Danish director Lars Von Trier has been banned from the Cannes Film Festival and declared “persona non grata” after telling a Press conference he was a Nazi and could understand Hitler.
A statement from the festival's organisers said they “profoundly” regretted the film-maker's remarks, which they described as “unacceptable, intolerable and contrary to the ideals of humanity and generosity that preside over the very existence of the festival”.
It continued: “The board of directors firmly condemns these comments and declares Lars Von Trier a persona non grata at the Festival de Cannes.”
Von Trier apologised after Wednesday's Press conference.
The film-maker discussed Adolf Hitler, porn films and the drinking habits of some of his stars during the 40-minute session.
He was there to promote his film Melancholia, the story of two sisters, played by Charlotte Gainsbourg and Kirsten Dunst, and how they deal with the knowledge another planet is about to crash into Earth, destroying it.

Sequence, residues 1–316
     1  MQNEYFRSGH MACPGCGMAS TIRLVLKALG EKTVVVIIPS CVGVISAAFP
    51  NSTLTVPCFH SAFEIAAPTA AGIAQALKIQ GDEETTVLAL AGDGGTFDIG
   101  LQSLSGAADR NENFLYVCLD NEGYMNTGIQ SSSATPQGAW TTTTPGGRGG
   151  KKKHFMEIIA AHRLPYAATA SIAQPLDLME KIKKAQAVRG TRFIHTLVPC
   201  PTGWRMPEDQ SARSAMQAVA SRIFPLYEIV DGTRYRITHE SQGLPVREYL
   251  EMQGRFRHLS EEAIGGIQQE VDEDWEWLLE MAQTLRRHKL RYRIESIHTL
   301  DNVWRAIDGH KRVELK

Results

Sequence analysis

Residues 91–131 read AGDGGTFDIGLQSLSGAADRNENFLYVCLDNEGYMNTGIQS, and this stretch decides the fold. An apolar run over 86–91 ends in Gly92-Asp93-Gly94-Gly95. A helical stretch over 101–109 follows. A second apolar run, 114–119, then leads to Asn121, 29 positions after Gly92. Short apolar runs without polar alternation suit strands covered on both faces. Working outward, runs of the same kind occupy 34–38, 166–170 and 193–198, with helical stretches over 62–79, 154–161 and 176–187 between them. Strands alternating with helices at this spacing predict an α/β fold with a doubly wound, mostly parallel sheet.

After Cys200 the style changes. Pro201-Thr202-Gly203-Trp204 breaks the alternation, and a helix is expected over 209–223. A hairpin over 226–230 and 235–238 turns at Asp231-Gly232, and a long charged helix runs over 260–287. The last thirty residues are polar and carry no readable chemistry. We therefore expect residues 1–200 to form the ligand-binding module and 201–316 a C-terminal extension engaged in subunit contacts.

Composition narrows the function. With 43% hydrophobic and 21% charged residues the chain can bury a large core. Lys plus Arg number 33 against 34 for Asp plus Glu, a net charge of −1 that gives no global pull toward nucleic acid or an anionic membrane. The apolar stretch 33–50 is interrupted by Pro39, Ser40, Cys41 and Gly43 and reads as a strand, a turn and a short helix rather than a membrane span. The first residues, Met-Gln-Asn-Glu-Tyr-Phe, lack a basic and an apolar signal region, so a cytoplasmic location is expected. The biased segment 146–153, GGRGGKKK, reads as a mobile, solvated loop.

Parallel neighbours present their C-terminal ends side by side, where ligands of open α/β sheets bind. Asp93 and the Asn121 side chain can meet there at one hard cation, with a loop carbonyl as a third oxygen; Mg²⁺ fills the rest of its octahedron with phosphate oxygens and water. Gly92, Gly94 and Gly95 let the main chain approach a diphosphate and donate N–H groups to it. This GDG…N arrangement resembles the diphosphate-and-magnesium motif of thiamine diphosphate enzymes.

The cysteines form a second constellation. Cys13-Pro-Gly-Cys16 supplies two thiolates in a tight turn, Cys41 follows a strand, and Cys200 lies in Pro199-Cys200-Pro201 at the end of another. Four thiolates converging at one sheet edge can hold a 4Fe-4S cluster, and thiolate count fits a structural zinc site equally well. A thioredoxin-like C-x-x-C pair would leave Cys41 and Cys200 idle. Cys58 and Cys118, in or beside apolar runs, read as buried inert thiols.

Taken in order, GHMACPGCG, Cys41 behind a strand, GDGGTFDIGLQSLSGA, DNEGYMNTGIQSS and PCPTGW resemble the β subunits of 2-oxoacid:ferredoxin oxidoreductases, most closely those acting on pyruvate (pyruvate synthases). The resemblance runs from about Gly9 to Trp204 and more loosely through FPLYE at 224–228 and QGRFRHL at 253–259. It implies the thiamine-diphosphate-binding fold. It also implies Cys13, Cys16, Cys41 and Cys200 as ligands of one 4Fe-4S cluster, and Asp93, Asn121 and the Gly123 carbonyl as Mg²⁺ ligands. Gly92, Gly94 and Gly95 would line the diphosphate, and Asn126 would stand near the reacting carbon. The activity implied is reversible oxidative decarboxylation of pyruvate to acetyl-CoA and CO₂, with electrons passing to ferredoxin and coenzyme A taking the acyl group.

Yesterday's statement does not make clear whether the film will be withdrawn from competition for the festival's Palme d'Or prize.
Von Trier, who was brought up believing he was Jewish until he discovered his biological father was a German Catholic, said yesterday: “I really wanted to be a Jew and then I found out I was really a Nazi, you know because my family was German.”
He went on to say he could “understand Hitler”, adding: “But come on, I'm not for the Second World War and I'm not against Jews.”
With Dunst looking increasingly uncomfortable at his answers, von Trier asked reporters: “How can I get out of this sentence?”
He also said Israel was a “pain in the ass”.
The eccentric film-maker gave a series of rambling answers to questions, including the admission that there was a chance the film, which also stars Kiefer Sutherland, was “crap”.
Lars von Trier has courted controversy throughout his career. The 55-year-old came to public attention with his 1998 film The Idiots, about a group of people who pretended to be disabled. It’s subject matter attracted a mixed reception with one critic, the BBC's Mark Kermode, ejected from a screening in Cannes for saying the film was “merde”.